If your team members are not engaged on a regular basis, there is a reason: the culture is not congruent with engagement. Ultimately, to get employees more engaged, the culture must be transformed.

One of the biggest challenges to getting employees engaged is over-planning. Too often, leaders say, “We have been working on a plan for three years, but have not seen any improvement.” Just planning on going to the gym three days a week doesn’t get you in shape. The fact that you plan to go to the gym is great but, if there is no action, all the planning in the world will not get you into shape. I know this first hand.

Here are three simple steps to creating greater employee engagement that actually work:

  1. Have a “one-on-one” meeting with every employee about engagement and what it means to them. Many employees’ natural behavior styles are such that they do not like to share ideas in a public setting, even among their close colleagues. They may prefer to talk one-on-one and may, quite possibly, have some exceptional ideas. You may need to ask more probing questions, almost as if you were interviewing them. Be sure to listen closely and take notes or record your conversation. When you share these responses with the entire team, it is critical that all responses are anonymous. Some great questions to ask here are:
    • What was the best form of positive recognition you have personally experienced? Why do you consider it the best?
    • What is your preferred way to be recognized by me (the leader) and your teammates? Here, you may learn that one employee might prefer having live recognition while another might prefer a simple hand written note.

Another great area to tackle is receiving negative feedback. It may seem strange, but employee engagement can easily hinge around how you develop your employees. Developing employees includes letting them know when they have not performed well. You will find that there are as many ways to share negative recognition as there are positive.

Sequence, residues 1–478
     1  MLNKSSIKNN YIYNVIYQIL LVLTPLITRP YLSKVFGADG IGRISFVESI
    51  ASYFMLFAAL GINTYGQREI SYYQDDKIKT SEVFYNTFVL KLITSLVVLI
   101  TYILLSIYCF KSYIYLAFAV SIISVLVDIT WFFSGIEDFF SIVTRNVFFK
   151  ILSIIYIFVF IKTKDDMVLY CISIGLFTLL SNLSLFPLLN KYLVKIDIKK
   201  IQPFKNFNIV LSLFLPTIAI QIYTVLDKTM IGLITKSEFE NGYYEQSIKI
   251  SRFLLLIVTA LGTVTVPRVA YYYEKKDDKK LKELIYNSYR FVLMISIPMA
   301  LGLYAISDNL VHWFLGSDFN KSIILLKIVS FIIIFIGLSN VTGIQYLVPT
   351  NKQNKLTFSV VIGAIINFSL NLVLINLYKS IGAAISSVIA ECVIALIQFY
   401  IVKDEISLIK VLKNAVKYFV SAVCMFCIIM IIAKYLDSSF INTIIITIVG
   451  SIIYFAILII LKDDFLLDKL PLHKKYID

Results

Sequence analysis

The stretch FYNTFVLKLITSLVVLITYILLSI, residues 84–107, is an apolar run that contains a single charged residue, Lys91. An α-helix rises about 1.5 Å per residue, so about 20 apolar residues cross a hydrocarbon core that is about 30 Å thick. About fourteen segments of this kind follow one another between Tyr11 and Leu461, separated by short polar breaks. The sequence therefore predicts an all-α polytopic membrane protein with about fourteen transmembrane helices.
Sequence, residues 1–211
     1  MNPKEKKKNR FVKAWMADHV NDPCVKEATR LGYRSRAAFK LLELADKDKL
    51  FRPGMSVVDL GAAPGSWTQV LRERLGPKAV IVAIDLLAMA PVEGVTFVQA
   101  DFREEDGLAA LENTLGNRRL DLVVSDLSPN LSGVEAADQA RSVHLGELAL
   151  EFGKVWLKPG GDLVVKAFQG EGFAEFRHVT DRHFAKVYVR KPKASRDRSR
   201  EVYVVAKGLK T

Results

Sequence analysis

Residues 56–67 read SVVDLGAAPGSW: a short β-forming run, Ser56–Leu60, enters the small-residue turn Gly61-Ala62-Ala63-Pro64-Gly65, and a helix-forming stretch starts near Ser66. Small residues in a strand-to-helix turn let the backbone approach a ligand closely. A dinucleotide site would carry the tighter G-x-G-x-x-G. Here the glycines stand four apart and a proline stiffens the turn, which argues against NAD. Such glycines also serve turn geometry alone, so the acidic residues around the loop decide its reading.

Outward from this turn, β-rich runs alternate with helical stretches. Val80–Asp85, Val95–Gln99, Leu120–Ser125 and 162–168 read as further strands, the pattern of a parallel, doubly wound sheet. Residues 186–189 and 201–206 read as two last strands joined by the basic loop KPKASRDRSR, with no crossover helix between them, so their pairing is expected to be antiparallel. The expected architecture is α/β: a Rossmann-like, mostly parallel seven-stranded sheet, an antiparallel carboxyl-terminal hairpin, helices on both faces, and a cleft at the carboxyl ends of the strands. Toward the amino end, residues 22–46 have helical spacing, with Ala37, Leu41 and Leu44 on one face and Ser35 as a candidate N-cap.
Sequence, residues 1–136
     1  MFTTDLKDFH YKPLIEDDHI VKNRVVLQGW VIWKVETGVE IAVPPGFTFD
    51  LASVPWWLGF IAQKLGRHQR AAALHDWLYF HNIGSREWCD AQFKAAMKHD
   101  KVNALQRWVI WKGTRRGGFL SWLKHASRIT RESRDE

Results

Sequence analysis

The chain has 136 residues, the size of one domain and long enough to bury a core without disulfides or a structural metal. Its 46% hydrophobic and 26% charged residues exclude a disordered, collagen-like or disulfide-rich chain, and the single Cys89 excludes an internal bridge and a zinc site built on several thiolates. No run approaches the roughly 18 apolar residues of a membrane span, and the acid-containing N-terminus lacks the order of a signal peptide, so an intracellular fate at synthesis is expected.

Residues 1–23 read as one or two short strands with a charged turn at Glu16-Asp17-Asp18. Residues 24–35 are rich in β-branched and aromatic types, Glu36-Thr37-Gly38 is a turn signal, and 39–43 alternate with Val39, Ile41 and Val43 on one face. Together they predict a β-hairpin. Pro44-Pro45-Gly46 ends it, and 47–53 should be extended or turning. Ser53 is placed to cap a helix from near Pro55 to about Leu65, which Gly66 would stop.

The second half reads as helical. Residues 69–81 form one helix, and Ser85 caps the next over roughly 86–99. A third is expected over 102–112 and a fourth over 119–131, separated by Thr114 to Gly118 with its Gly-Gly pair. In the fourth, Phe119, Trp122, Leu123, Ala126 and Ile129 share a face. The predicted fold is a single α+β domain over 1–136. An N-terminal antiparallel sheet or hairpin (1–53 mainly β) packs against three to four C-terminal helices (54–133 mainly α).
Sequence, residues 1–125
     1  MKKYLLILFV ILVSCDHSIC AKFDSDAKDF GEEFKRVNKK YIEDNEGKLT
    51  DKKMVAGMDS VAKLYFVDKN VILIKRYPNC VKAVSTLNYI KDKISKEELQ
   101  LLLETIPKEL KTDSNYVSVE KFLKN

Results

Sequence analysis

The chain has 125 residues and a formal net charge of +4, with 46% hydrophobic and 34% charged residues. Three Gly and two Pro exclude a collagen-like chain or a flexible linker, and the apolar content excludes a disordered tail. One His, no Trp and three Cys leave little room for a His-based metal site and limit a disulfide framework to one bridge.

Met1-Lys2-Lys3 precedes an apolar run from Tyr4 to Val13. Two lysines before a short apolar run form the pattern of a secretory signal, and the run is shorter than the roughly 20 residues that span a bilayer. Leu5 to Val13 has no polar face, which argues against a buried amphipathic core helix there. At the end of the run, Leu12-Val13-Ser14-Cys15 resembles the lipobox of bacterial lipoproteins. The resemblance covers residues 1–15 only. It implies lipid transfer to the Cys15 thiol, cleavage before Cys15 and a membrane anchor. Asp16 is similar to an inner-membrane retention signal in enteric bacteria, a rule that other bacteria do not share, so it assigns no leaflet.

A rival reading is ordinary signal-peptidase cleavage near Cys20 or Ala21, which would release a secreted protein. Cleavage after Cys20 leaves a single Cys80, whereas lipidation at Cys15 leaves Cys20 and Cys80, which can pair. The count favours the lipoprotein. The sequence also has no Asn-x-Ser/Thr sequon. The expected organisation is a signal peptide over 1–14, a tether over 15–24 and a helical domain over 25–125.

1. Share leadership responsibilities with everyone on the team. There is a reason that Canadian geese fly in a “V” formation and rotate leadership. They can fly upwards of 85 percent further by rotating leadership, and all of the geese are engaged. Always start by asking for volunteers to lead various tasks, although you may have to start out by recruiting employees looking to be challenged. This can include team meetings, special projects, and even social activities for the team. Team members are closest to the situation so it makes sense to have them take point on projects. Projects of this nature should challenge an employee, and not be so far advanced that they are sure to fail. The more success you create, the more engaged the employee.
  2. Describe the goals for the team or project in real-life terms. In order to develop a common understanding of what employee engagement means, a common language is necessary. With today’s diverse workplace, the excessive use of industry lingo, and over-exaggerated circumstances, employees sometimes lose sight of what is really expected and thus become disengaged. Another challenge in this area is the lack of specificity. When you are talking with your employees one-on-one, be sure to use (and expect from them) specific examples. Try having your team respond to some, or all, of these statements:
    • My immediate supervisor is someone who genuinely cares about me as a person.
    • I have everything I need to perform my job correctly.
    • Someone has talked to me about my general progress – more than just a performance evaluation.
    • My colleagues are 110% committed to doing quality work.
    • I know what is expected of me every day at work.
    • I have opportunities to grow and develop on the job.
    • I believe my opinions count.
    • I receive praise on average four times per month.
    • At least one person at work encourages my growth and development.

These are just a few examples of how great leaders can develop great teams with great employee engagement.

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